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Rains have farmers butting up against planting deadlines

Posted 5/27/14 (Tue)

By Kate Ruggles
Farmer Staff Writer

The fact that area producers are still seeding their fields this close to June usually has many of them in panic mode. But according to Kyle Hartel, district conservationist for the National Resource Conservation Service (NRCS), that just does not seem to be the case so far.
“I think, considering the rain the area has gotten, people feel that spring seeding is pretty on pace,” states Hartel. “No one is frantic and nervous right now and the forecast for the week ahead looks fairly dry.”
Mike Jenks of Taylor Ag agrees, stating that producers got a late start this year and there have been a few rain delays. But there has been a lot of good progress in the last 10 days.
This year it was not heavy moisture that brought on a later-than-normal start to spring seeding, it was the fact that the ground stayed frozen for so long.
Hartel states that the minimum optimal ground temperature for cool season grasses, which are barley, wheat and oats, to germinate is 40 degrees.
“As of April 23, ground temperatures in McKenzie County reached  47 degrees,” states Hartel.
Since that point, the area has seen some spotty storms and a good amount of moisture.
“But with the wind, even when it does rain we have been able to get right back into the fields,” states Hartel. “Therefore, planting seems to be on pace.”
Also, according to Hartel, this seems to be the case for the area’s big producers as well as those who both farm and ranch.
“Most of the county producers both farm and ranch. For them cattle is their priority so they do not complain about rain slowing them down too much,” states Hartel. “But the bigger producers in the area have 5,000 to 10,000 acres to put in and rain can really slow them down.”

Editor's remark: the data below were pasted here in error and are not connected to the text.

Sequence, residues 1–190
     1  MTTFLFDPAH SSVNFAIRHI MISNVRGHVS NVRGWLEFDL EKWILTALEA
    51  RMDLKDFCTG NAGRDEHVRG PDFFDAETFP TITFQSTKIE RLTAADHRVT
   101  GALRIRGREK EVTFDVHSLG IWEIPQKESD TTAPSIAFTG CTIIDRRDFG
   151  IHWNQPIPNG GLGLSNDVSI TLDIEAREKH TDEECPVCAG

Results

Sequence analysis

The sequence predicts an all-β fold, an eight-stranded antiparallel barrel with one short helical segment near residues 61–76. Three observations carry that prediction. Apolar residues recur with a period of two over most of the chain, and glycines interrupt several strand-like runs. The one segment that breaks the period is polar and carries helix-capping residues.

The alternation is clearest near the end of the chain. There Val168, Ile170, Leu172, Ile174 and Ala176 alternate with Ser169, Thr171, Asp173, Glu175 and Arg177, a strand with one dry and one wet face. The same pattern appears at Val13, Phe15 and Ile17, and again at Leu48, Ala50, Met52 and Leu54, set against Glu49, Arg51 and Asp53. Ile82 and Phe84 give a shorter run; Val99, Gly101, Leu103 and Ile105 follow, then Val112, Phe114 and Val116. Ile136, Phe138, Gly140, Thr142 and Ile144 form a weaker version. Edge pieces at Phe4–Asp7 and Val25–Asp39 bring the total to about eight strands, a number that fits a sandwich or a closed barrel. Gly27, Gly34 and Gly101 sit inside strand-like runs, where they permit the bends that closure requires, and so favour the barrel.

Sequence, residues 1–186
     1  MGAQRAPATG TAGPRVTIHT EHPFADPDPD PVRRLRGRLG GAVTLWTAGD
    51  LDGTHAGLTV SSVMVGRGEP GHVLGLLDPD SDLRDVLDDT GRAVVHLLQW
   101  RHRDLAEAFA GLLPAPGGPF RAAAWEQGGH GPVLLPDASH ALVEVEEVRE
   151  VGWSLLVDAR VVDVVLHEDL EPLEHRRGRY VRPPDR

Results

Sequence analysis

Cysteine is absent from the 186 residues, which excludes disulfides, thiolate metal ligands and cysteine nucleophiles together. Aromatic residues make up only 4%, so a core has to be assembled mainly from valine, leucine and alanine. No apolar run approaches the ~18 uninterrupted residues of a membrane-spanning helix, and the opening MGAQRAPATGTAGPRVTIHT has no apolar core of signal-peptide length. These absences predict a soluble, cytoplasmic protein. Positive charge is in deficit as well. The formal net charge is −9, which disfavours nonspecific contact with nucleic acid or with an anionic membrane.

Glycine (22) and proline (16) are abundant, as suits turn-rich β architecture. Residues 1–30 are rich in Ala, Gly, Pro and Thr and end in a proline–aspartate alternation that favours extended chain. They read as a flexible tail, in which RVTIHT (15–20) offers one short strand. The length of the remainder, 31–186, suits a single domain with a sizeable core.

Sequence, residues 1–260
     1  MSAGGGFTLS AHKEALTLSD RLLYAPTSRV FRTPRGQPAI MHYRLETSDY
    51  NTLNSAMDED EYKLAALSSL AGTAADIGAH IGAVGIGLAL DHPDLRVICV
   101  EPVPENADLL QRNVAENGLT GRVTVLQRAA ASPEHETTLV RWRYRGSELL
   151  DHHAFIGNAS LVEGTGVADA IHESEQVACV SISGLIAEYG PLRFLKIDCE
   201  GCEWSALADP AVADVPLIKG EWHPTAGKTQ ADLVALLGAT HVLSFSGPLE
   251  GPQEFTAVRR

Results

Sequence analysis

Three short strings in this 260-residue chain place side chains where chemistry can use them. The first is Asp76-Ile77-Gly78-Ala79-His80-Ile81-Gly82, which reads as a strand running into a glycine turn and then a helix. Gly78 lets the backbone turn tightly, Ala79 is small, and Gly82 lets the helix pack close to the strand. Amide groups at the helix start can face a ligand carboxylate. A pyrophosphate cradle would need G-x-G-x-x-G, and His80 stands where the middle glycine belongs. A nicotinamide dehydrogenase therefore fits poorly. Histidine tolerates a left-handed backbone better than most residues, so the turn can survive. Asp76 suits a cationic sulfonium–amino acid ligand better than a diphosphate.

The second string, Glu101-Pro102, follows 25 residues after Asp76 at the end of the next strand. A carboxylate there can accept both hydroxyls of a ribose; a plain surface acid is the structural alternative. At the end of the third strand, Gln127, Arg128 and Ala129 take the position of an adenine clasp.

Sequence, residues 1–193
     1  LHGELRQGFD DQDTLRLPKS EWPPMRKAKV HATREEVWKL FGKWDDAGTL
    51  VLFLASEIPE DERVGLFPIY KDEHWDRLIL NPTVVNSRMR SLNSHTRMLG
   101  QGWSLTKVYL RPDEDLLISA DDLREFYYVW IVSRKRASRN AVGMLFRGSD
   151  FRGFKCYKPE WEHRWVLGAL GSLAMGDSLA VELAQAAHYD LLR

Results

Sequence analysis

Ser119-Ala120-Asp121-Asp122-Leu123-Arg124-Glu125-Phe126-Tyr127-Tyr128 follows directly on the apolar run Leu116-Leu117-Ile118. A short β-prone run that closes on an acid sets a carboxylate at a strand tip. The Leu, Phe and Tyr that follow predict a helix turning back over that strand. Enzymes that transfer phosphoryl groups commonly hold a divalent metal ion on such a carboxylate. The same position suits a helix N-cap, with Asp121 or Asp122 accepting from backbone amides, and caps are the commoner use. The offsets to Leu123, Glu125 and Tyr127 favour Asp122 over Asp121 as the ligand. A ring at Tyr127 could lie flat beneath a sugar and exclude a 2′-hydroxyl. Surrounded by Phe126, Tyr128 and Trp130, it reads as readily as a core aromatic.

Dennis Anderson, Farmers Union Insurance agent in Watford City, states that one of the biggest concerns for panic among the area’s producers is getting their crop seeded in a timely manner.
“The U.S. Department of Agriculture’s Risk Management Agency (RMA) determines the dates in which crops can be seeded,” states Anderson. “And they determine a final planting date for each crop.”
Just because a producer has reached the final planting date for a crop does not necessarily mean they cannot still plant the crop; it means they could have a penalty for doing so.
“Each producer is guaranteed so much through their crop insurance,” states Anderson. “If they plant past the final planting date for a particular crop, they will not get the full guarantee for that crop, and could lose a percentage of their guarantee for each day past the final planting date.”
But this has not been the case this year. Even though Anderson states that the final planting date for some crops has passed and the planting date for wheat and other crops is June 5, just around the corner, Hartel states that he has not caught wind of any panic or franticness amongst those who are seeding.
“It is May 23, and June 5 is the insurance deadline date,” states Jenks. “There’s always a little bit of panic. But a better way to describe it this year is pressure and a feeling of persistence. They all want to get their stuff done, but there is no panic yet.”
“Sometimes farmers will bail on a crop and go to another one if they think they will not have enough time to get it in before it is too late,” states Hartel. “But I have not heard of anything like that happening in the county, so far.”
All-in-all, Hartel and Jenks state that this year’s spring seeding season has provided producers much better seeding conditions than last year, and the forecast seems to be calling for more good conditions heading into June.